With a published decision in United States v. Buford, __ M.J. __, No. 39087 (A.F. Ct. Crim. App. Dec. 19, 2017) (link to slip op.), the Air Force CCA holds:

The members sentenced Appellant to a bad-conduct discharge and reduction to E-1. The convening authority approved the adjudged sentence and ordered that “[u]nless competent authority otherwise directs, [Appellant] will be required, under Article 76a, UCMJ, 10 U.S.C. § 876a, to take leave pending the completion of appellate review.” At the time Appellant began the required period of what is referred to as appellate leave, he had 73 days of accrued leave. When presented with an option to receive a lump sum payment for the accrued leave or to “use” the leave, Appellant elected the latter, or to “[r]eceive pay and allowances during the period of accrued leave, then continue on unpaid required excess leave.” As of the date Appellant filed his appellate brief, he had not been paid for the period of accrued leave.

Appellant asserts he has been improperly denied his pay and this court has jurisdiction under Article 66(c), UCMJ, 10 U.S.C. § 866(c), to provide a remedy. Appellant specifically requests two forms of tailored relief. First, Appellant asks that we prohibit the convening authority from taking final action until Appellant is paid for the period of accrued leave. Secondly, Appellant argues that we should disapprove the approved reduction in grade to E-1 so that his accrued leave is paid at the E-4 rate, which would compensate him for the consequential damages (financial hardships) he attributes to the improper withholding of pay. We hold that Article 66(c), UCMJ, does not grant this court jurisdiction over a pay dispute absent a nexus to the approved sentence. As Appellant’s dispute with military officials does not concern the approved sentence, it is beyond our statutory authority. We find no error that materially prejudiced a substantial right of Appellant and affirm the findings and sentence.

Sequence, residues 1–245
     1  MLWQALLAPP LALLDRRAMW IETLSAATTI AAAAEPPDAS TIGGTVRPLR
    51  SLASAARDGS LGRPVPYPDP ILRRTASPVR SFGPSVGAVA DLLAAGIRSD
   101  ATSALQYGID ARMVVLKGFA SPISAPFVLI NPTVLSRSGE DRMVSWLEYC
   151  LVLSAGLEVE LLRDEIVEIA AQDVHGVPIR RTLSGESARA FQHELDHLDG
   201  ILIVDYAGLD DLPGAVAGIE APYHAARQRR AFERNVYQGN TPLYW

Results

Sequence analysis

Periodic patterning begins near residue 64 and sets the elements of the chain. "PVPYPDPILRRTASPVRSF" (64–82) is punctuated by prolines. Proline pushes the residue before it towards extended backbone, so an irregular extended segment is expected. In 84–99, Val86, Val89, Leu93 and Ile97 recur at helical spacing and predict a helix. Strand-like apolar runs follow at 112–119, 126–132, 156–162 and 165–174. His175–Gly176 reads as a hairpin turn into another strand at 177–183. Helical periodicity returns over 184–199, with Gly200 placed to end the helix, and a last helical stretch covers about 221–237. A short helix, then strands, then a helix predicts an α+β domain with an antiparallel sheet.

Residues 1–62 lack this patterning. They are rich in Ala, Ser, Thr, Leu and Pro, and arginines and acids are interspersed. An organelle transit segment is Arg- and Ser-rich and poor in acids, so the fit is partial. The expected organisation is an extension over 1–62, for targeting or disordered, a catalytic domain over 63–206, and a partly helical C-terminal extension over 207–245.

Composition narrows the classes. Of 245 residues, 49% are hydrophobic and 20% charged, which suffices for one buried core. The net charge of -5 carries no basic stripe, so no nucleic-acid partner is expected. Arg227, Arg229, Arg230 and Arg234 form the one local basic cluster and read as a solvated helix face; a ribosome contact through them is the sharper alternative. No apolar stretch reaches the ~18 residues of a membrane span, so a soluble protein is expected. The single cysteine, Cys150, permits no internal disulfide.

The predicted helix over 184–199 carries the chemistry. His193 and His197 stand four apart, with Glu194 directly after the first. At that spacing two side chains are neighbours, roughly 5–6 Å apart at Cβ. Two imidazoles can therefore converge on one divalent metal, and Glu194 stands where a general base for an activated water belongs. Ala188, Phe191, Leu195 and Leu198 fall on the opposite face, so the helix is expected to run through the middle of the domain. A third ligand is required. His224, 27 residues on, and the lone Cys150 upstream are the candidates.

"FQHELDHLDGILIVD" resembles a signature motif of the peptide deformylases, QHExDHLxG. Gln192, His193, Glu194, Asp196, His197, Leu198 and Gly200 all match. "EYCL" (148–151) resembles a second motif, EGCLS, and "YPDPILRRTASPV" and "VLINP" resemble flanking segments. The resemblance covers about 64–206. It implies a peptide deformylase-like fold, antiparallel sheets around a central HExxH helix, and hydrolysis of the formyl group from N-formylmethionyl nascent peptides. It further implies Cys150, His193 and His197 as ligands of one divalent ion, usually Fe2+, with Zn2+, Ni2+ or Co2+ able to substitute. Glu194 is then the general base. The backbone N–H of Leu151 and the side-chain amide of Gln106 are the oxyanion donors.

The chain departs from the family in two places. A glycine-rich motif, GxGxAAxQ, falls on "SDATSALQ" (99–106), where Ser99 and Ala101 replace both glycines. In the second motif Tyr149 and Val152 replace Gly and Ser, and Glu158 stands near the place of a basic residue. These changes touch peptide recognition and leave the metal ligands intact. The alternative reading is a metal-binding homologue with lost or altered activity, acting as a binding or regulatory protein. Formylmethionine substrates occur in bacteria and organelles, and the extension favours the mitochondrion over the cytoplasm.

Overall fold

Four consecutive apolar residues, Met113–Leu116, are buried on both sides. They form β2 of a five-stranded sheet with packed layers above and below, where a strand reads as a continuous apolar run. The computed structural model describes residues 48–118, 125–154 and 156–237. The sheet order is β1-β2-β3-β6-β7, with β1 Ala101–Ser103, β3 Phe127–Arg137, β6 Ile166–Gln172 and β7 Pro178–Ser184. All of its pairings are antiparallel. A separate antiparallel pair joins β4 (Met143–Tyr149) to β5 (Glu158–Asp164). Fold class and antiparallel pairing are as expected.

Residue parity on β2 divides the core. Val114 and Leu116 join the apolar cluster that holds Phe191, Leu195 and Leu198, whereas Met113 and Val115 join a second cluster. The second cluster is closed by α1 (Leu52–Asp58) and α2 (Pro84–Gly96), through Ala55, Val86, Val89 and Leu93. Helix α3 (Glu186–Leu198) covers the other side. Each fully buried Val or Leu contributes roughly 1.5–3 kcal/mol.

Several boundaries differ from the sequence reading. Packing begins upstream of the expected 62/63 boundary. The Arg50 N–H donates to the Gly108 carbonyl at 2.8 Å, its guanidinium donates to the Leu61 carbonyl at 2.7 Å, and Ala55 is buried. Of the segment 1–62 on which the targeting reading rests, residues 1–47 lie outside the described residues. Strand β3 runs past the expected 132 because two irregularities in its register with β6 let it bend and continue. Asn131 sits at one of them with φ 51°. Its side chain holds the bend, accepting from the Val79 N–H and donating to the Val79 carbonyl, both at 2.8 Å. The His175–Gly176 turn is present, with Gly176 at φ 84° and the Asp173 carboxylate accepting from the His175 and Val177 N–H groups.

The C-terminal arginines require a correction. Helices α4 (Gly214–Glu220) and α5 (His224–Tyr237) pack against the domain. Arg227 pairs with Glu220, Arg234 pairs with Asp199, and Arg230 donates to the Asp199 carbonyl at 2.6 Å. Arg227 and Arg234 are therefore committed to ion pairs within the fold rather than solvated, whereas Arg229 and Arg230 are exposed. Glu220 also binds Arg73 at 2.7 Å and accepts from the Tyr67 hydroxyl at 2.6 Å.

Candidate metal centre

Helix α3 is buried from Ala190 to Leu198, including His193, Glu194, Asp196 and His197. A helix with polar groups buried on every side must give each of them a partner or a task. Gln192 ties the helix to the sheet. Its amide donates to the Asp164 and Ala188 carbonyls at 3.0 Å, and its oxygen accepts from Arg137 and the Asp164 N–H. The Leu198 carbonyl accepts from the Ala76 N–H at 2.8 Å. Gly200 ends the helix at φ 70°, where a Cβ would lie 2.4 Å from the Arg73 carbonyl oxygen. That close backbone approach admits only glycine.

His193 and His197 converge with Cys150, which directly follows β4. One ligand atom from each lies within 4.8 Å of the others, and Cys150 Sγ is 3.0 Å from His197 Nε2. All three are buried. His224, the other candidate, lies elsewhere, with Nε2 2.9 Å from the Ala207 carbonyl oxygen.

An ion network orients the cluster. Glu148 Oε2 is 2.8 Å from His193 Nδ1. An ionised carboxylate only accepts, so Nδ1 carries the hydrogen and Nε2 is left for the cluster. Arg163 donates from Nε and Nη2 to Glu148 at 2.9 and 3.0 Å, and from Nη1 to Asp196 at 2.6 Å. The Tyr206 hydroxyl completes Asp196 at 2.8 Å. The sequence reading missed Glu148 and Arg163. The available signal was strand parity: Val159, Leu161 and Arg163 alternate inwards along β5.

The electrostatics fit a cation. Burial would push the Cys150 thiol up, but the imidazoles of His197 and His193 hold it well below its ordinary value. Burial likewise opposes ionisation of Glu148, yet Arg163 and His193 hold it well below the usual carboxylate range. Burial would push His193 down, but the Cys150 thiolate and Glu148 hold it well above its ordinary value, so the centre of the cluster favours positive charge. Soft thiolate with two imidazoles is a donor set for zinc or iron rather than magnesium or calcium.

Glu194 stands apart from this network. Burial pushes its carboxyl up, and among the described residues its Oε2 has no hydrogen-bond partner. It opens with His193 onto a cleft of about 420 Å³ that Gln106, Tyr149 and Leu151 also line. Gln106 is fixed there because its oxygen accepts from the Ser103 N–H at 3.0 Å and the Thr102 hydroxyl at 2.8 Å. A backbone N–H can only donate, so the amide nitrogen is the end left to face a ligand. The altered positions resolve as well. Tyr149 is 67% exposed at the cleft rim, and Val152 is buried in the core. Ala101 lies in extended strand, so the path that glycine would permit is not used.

Slip op. at 2 (marks in original) (emphasis added).

The opinion distinguishes the circumstances of this case from those of United States v. Gay, 75 M.J. 264 (C.A.A.F. 2016) (CAAFlog case page), in which CAAF affirmed the CCA’s power to grant sentence appropriateness relief without first finding the existence of cruel and unusual punishment in violation of Article 55 or the Eighth Amendment:

In Gay, the legal deficiency resulted in improper solitary confinement and “conditions of confinement that were more severe than what [appellant] should have experienced.” [75 M.J.] at 269. We note that the authority validated in Gay was rooted and limited to a legal deficiency that directly impacted a component of the sentence. It is clear that Gay may be cited for the proposition that a CCA is not limited to violations of the Eighth Amendment to the United States Constitution, Article 55, UCMJ, 10 U.S.C. § 855, or other defined rights and protections as a basis for granting relief. However, CAAF in Gay did not recognize unlimited authority under Article 66(c), UCMJ, for a CCA to grant sentencing relief, including for errors collateral to the court-martial process. We are neither persuaded that we have such unlimited authority nor convinced that we should exercise any of our limited authority to grant relief for an administrative matter unrelated to any legal deficiency and unconnected to the legality or appropriateness of a court-martial sentence.

Slip op. at 6 (emphasis in original).

The underlying issue seems to be a recurring problem. The CCA made a similar finding of no-jurisdiction in United States v. Whiting, No. S32420 (A.F. Ct. Crim. App. Jan. 4, 2018) (link to slip op.).